Jeff Beck

TrackAlbum / Single
People Get ReadyFlash
Where Were YouJeff Beck's Guitar Shop
Big BlockJeff Beck's Guitar Shop
She's A WomanBlow By Blow
You Know What I MeanBlow By Blow
Rice PuddingBeck-Ola
I've Been Drinking1968 single (Columbia DB 8359)
Beck’'s BoleroTruth
Nessun DormaEmotion & Commotion
Hi Ho Silver Lining1967 single (Columbia DB 8151)

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Contributor: David Lewis

It’s a little ridiculous to point to one person and say ‘greatest living guitarist’: after all – what type of guitar? What style? Is it rhythm backup style? or flashy leads? Classical? Country? Metal? Rock? But, if you ask me who the greatest living electric rock guitarist is, and I don’t default to five others, I’ll say ‘Jeff Beck’. He’s not my favourite guitarist, that would probably be Brian May of Queen or Martin Barre of Jethro Tull, or Danny Gatton, or Eric Clapton, or … it might be Jeff, after all …

But no-one touches Beck in terms of inventiveness, musicality and sheer brilliance. He generally eschews pedals (most players have at least one: I’m a conservative player who owns about 6, for example). Beck can get sounds out of basic guitars which no-one else can. Happiest with a Stratocaster and a Marshall amp, his sonic approach is nothing short of incredible.

He has been a top guitarist since replacing Eric Clapton in The Yardbirds. He has had an idiosyncratic career; while famous, most casual fans would struggle naming a track he has played on, except perhaps for one. Beck seems content working on his hot rod collection, and touring every couple of years, stretching the limits of the electric guitar even further.

So, how to distil it. Nothing from Yardbirds (like I said in my Clapton toppermost #189, they deserve their own list). No guest work or session work. There were various Jeff Beck groups, and Beck, Bogert and Appice … so that’s it: 10 from Jeff Beck. Brian May wrote a song about him called The Guv’nor which Jeff plays on – and that’s about the best description I can come up with …

So the 10:

People Get Ready (feat. Rod Stewart) is simply the best version of the song. The original is great, no question. But listen to those arpeggios. And Rod Stewart is the finest singer of his generation – a generation that had no shortage of great singers. Beck brings an intensity and a power to the song that Curtis hinted at, but restrained.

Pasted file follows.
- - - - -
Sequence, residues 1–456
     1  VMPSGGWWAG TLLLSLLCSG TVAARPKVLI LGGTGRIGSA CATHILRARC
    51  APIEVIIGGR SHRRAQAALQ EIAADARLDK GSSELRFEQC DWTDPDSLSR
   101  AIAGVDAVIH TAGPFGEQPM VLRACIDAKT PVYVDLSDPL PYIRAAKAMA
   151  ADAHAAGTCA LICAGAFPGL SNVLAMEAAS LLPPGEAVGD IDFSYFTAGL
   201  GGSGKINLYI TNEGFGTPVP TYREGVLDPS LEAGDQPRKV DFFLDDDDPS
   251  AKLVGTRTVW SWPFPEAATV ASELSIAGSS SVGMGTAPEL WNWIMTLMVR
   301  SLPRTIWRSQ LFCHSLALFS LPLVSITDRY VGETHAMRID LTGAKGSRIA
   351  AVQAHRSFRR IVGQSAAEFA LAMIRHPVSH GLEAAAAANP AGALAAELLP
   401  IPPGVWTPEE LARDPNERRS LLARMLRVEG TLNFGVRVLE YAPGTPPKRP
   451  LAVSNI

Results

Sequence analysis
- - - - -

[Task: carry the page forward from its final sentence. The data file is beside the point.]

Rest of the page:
Where Were You is possibly the best thing Jeff has ever done. Based on the melodies and harmonies he heard in a recording of Bulgarian choirs, it is the centrepiece of the Guitar Shop album. All done with a Stratocaster, a touch of reverb and those incredible hands, and judicious use of the tremolo

Also from Guitar Shop, Big Block, with its foray into 7/8, and its spoken word bridge is just a bit of fun, yet much more substantial than such a track would suggest. The spoken word bit by Terry Bozzio – guitar terms taken from magazine ads.

Blow By Blow, produced by George Martin, is one of Beck’s great albums. On it, he shows how fusion (then still pretty new and visionary) could be done. Produced by George Martin, he reinterprets She’s A Woman, bringing a more mature approach to the melody. Beautifully supported by Max Middleton on keys, the talk box Beck uses is not a gimmick, but a musical statement.

Such a good album had to produce two tracks, and might have produced eight of the ten. I’m going with the opening track, You Know What I Mean, though I might easily have gone with ‘Cause We’ve Ended As Lovers.

Jimmy Page and Jeff Beck were friends, from before either of them were compatriots in The Yardbirds, so it is possible that Led Zeppelin would have formed without the various Jeff Beck groups for inspiration: listen to Rice Pudding, to hear where Zeppelin might have got their ideas from … a blistering riff, and the blues.

Rod Stewart and Beck worked together for some years, though it ended somewhat … difficultly, when Rod left Beck for other opportunities. Nonetheless, some of the finest blues appeared from their combination (which also included Ronnie Wood on bass). I’ve Been Drinking is another stunning performance by Rod.